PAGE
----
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Wife of Navy sailor says he’s being mistreated at work because of her Flint water advocacy efforts

NORFOLK, Va. - A Norfolk sailor claims he's being mistreated at work because his wife was the original whistleblower for the Flint water crisis, which caused high levels of lead to leak into the city's pipes making water unsafe for people to drink.

Walters noticed water with an orange tint coming out of her tap and rashes on her twin boys. The family lived in Flint because Dennis, LeeAnne's husband was stationed there.

"We have a 5-year-old that hasn't grown in almost two years because of it," said Walters.

Two years later, the family lives in Norfolk where Dennis is stationed. Walters says Naval Station Norfolk, where her husband is assigned is harassing and mistreating him after she testified in Congress in February.

"There was one day in particular that he was forced to work a 35-hour shift and told to sleep on the floor of his office," said Walters.

Their attorney, Eric Leckie filed a congressional complaint alleging mistreatment. It says Dennis has been subjected to a hostile work environment, derogatory comments about his wife and was demoted.

"We`ve followed the Navy's rules, we've done everything we've been told to do minus them wanting us to stop doing what we're doing for Flint," said Walters.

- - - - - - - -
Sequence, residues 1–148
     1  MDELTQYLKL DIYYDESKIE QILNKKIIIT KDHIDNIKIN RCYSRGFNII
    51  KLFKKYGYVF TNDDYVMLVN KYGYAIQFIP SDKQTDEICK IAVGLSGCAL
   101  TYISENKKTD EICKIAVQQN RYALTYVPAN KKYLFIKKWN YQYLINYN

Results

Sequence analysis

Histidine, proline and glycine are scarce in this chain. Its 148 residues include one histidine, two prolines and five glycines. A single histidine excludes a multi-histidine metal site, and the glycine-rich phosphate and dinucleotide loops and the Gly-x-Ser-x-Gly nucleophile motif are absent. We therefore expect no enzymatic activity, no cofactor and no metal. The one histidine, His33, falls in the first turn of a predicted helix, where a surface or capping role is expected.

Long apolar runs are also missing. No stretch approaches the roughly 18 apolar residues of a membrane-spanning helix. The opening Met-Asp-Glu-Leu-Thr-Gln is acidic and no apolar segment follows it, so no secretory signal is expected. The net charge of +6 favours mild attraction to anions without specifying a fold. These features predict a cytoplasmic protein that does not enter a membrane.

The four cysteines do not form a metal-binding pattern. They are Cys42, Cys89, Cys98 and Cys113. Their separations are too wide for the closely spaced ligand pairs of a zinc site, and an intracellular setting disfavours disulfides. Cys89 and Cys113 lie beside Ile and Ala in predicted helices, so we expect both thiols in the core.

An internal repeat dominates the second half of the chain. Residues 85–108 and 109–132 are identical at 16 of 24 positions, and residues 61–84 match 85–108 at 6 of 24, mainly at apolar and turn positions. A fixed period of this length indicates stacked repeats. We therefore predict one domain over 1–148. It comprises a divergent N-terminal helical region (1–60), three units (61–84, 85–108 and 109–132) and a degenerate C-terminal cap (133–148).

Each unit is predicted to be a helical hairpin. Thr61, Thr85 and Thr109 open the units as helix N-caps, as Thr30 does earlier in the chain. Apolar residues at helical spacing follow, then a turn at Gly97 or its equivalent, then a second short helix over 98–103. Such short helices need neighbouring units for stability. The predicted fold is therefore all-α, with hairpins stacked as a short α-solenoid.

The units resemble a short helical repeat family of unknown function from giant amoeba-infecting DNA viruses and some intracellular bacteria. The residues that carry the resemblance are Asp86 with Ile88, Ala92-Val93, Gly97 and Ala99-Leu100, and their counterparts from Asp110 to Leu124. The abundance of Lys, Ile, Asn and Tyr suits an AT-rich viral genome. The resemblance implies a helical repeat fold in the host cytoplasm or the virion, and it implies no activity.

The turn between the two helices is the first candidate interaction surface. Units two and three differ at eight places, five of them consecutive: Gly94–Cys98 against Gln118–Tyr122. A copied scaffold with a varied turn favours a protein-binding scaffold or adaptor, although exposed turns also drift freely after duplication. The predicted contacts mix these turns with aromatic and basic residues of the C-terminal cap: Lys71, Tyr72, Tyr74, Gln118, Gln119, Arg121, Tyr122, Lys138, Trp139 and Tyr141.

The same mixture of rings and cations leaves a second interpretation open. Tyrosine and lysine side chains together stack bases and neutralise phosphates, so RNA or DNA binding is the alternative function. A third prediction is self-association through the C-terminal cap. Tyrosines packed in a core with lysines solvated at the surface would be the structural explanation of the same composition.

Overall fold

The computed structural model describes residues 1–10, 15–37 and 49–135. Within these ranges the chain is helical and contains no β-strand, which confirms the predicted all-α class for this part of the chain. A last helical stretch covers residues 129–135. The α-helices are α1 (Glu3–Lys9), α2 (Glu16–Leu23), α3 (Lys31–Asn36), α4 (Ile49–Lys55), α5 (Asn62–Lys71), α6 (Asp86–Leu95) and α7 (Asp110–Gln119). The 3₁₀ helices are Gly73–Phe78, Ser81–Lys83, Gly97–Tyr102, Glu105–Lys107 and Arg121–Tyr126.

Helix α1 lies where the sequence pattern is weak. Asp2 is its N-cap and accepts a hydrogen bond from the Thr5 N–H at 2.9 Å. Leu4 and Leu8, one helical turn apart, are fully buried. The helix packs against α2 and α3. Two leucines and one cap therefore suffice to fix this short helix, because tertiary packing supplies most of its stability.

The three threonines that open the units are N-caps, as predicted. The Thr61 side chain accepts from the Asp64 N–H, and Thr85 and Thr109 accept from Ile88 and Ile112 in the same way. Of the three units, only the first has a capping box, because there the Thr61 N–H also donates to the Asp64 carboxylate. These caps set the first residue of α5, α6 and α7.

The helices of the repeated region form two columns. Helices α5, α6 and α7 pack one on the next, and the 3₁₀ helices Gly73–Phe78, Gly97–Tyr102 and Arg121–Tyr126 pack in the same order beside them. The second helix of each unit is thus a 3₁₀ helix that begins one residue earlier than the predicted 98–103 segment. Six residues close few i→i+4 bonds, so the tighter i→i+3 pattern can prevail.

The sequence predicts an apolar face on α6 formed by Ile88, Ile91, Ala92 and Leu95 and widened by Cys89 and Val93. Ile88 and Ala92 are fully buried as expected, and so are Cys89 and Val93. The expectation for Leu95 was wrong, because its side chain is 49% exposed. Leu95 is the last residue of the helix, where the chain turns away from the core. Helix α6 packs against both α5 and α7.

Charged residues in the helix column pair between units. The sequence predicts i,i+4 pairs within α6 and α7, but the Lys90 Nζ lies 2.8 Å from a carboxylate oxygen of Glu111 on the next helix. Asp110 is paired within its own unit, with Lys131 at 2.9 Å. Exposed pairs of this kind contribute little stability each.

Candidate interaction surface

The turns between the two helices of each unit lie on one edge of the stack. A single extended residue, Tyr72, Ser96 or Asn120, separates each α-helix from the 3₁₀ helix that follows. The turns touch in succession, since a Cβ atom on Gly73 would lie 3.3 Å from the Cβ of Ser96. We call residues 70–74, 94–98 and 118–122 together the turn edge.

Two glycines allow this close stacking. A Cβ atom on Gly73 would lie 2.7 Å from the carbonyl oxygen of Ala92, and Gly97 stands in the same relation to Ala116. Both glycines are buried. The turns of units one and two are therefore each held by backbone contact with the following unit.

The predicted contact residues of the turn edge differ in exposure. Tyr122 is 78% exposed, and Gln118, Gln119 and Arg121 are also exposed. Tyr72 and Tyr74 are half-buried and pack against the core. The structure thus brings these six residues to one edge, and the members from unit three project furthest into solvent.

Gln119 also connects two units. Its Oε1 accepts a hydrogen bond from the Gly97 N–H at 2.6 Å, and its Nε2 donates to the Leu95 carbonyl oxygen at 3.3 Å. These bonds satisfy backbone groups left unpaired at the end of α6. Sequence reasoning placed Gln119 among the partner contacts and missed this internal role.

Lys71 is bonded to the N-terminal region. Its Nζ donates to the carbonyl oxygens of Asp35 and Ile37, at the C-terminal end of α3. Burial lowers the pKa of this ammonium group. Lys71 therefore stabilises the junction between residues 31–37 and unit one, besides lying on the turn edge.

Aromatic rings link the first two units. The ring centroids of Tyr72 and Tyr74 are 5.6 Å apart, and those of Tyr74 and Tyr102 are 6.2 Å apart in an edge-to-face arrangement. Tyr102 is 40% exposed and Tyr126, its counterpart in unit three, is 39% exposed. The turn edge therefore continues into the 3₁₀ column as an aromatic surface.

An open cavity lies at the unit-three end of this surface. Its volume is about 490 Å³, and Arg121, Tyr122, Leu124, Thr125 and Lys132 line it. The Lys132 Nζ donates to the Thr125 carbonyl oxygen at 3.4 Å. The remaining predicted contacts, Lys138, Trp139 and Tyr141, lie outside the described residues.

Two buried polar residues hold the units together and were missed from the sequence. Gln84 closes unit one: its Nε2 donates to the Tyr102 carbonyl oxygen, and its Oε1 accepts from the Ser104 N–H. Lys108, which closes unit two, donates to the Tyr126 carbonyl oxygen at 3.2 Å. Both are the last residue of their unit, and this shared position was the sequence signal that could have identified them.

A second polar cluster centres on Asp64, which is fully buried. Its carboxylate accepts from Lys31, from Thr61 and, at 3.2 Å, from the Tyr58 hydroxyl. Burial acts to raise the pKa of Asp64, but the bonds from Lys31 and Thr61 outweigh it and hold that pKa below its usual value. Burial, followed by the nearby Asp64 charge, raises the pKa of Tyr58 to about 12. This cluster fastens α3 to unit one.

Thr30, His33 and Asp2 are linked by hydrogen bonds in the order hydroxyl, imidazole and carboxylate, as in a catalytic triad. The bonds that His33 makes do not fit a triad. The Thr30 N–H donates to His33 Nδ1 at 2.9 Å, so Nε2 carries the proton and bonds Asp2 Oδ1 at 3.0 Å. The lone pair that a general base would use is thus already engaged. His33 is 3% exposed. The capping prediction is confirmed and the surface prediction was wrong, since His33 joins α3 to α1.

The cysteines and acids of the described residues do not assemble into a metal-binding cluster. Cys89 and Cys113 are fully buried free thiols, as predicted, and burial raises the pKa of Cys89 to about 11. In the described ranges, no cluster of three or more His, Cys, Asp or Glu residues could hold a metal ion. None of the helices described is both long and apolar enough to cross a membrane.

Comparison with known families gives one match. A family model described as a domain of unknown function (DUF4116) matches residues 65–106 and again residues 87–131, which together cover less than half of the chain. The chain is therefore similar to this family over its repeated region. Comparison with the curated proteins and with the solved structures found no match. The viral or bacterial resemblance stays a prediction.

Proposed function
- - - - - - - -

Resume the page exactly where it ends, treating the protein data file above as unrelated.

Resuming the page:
Walters said those rules include Dennis not taking part in advocacy efforts for the Flint water crisis, which he has obeyed.

The Navy tells News 3 they are familiar with Mr. Walters and what he and his wife have been going through and the Navy has been supportive of their situation.

Walters said she feels like she's living in a never-ending nightmare, but said she stands by her husband.

"I always prided myself on being a Navy wife. And I never thought the Navy would treat my family like this. I still pride myself. And I haven't lost all my pride because I know everybody in the Navy is not like this," said Walters.

The Walters' attorney, Leckie, told News 3 right before the interview with the family, Dennis was told by the Commanding Officers' public affairs officer, he is not supposed to talk to anyone about the Flint water crisis. The Navy said they did not give that order.